The new Visual Studio preview offers functionality with LINQ, AJAX and .NET Framework 3.5.
Developers who take a test drive of the March Community Technology Preview (CTP) of the new Visual Studio (VS), code-named "Orcas," will find a clearer roadmap of the toolset that's coming in the beta releases expected later this year.
Described as a "milestone" pre-release by Microsoft, the March CTP is the first version of the IDE to implement tools and functionality supporting Language Integration Query (LINQ), AJAX and the upcoming .NET Framework 3.5, which will be released at the same time as Orcas, but as a separate download.
"The specific areas [in .NET 3.5] that are of interest for developers are looking at the object hierarchy, the framework and what APIs we've built into the framework," says Prashant Sridharan, Microsoft group product manager for Visual Studio.
.NET 3.5 will support applications built using .NET 2.0 and 3.0, without any "breaking changes," according to Microsoft.
The March Visual Studio CTP also integrates the Windows Presentation Foundation (WPF) Designer (code-named "Cider"), new Windows Communication Foundation (WCF) and Windows Workflow Foundation (WF) tools, and better tools for building 2007 Office apps (support for Click-Once deployment). It extends the role-based and Team System collaboration features as well.
"The focus areas of this CTP -- the areas that are most stable -- are around LINQ, WPF and some of the Office tools," Sridharan says.
LINQ functionality, which includes support for VB 9.0, C# 3.0 and ADO.NET, will give developers a chance to give the VS team feedback "on where we are," he says.
"LINQ will be extraordinarily important to enterprise developers because everything in the enterprise is about data, analyzing data, connecting data. It's really all about helping developers get to that data in a more intuitive and programmer-centric manner."
Enterprise developers should download the CTP, according to Burton Group Research Director Peter O'Kelly.
"I think that this CTP is one the large enterprises will want to start exploring sooner, rather than later," he says. "Because with LINQ in particular, and getting tighter integration with the rest of the things in the .NET Framework, this is really on the road to Orcas."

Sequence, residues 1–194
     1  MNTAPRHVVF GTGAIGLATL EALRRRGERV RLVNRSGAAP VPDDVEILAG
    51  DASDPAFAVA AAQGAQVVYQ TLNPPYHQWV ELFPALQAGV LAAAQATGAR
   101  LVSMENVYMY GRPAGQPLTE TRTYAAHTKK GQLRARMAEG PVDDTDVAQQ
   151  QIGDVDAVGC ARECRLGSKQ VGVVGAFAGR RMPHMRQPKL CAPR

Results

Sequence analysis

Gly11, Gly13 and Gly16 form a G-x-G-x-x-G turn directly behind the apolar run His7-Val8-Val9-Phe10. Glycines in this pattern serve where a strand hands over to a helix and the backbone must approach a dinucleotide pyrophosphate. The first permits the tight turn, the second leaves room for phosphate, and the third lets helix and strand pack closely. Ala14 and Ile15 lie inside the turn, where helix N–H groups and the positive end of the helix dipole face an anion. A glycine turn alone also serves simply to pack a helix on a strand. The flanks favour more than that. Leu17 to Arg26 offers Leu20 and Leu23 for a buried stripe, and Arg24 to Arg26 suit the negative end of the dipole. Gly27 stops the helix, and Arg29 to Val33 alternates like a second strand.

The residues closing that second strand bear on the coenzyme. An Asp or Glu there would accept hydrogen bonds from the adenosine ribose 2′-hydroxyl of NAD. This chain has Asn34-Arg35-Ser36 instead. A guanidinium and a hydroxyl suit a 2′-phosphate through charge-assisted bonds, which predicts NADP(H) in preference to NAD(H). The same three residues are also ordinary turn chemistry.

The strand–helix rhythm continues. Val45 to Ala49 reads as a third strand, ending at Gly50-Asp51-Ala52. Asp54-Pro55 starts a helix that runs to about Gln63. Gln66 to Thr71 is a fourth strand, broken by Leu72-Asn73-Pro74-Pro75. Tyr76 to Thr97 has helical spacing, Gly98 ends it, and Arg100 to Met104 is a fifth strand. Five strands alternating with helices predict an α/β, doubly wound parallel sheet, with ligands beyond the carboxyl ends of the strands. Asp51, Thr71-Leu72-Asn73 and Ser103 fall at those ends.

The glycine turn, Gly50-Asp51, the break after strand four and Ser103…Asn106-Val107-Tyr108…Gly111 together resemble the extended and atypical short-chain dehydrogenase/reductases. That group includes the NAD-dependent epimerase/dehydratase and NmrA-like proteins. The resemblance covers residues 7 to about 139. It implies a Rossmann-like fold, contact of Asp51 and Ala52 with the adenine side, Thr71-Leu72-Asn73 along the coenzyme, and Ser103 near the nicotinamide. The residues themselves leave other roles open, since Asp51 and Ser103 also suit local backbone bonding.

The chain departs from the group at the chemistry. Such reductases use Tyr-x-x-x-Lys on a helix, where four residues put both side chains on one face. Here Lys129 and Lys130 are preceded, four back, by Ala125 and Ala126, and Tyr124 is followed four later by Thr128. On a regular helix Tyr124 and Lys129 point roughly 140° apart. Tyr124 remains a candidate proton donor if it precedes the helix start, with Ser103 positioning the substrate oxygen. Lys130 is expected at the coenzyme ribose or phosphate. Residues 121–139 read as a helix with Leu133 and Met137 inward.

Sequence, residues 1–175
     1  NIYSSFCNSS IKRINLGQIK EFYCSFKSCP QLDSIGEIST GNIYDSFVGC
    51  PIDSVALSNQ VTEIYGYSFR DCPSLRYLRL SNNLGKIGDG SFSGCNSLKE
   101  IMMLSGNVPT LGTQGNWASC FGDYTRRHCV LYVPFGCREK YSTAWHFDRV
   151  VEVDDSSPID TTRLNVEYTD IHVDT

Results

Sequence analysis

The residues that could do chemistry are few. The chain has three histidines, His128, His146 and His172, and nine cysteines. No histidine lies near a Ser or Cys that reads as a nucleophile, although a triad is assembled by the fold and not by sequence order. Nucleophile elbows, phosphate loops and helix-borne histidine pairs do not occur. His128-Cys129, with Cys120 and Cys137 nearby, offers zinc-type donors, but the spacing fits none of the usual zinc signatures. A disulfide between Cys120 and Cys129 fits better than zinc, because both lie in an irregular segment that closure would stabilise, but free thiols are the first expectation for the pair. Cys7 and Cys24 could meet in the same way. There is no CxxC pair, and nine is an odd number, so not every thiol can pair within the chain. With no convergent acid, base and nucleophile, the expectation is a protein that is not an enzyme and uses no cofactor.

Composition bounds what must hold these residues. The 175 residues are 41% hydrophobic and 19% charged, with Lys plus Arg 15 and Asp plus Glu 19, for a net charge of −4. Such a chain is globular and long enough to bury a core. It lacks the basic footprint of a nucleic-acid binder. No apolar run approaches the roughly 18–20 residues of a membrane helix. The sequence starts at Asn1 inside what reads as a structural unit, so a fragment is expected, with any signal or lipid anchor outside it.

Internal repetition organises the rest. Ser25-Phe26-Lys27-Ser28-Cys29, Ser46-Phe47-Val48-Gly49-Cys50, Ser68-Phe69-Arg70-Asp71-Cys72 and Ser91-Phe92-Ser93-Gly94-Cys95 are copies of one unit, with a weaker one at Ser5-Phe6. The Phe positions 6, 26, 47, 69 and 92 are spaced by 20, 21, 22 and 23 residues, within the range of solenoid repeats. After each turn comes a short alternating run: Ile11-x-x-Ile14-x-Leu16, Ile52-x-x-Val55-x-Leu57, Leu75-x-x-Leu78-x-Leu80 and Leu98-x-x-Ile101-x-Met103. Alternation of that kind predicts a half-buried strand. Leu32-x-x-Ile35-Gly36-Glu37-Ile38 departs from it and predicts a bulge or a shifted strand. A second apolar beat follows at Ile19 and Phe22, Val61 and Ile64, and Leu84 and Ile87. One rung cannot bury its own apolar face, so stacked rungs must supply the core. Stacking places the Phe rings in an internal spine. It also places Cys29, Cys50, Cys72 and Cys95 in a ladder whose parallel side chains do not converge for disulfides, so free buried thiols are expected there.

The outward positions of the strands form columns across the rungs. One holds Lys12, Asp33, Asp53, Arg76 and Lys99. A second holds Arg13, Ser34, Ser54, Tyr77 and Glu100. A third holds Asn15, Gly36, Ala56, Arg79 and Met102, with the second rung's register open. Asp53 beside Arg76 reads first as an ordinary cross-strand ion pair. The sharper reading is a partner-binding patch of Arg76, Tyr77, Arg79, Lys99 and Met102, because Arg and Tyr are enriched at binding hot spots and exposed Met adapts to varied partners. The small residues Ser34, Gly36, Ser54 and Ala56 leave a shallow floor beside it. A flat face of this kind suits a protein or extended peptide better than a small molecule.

Kick the Tires or Crash
The VS team started to release CTPs in early 2004 during the run-up to VS2005, which shipped in March 2005. With products like Visual Studio, there are typically two betas with many interim CTPs before the release to manufacturing.
Sridharan cautions developers to approach Visual Studio CTPs as a snapshot of the product's progress, noting that functionality can change between iterations.
"CTPs are point-in-time releases. We don't put that much effort into finishing them, per se," he explains. "They're designed for customers if they've got a spare machine or [if] they want to run it inside of a virtual machine to download, to kind of kick the tires a little bit and give us initial feedback.
"With Visual Studio 2005, the feedback we got from developers was extraordinary. We were able to act on many of those features and in some areas where we weren't able to affect the immediate product, we were able to make changes for this current product, Orcas."
Sridharan calls the feedback center "our primary vehicle for customer intelligence ... in terms of being able to make the right decisions on what we deliver in the product."
Visual Studio Orcas is built around three key goals, according to Sridharan: to provide programmers with an unprecedented level of productivity; to support all major platform advances from Microsoft, specifically Windows Vista, SQL Server, Office 2007 and Windows "Longhorn" Server; and to help teams collaborate more effectively.
"In Orcas, there are a bunch of features that help you annotate your code so that you get that spiritual equivalent, if you will, of revision marks in [Microsoft] Word," he says. "I'll be able to look at a piece of code and see who edited it and also find out why they edited it. As a development organization that gives me a lot of insight into how my code is changing over time and it also helps me track down bugs and owners of bugs much more quickly."
Traditionally, Microsoft offers a Go Live license at beta 2, and that will almost certainly be the case here. "The entire .NET 3.5 Framework will have a Go Live license in beta 2," says Sridharan. "I think there are a lot of benefits to Orcas that most enterprises will be happy to glom onto and a lot of those benefits are enabled by that framework."
O'Kelly says Microsoft has saturated the market with new capabilities, and many of these platforms and technologies represent the culmination of years of work.
"It's actually kind of staggering. I think many organizations are going to have to take a deep breath and block a lot of time to explore WCF, WPF, WF and all these things, because it is a consistent progression," O'Kelly says. "These are potentially very big [technologies] for organizations that use them effectively.
Kathleen Richards is the editor of RedDevNews.com and executive editor of Visual Studio Magazine.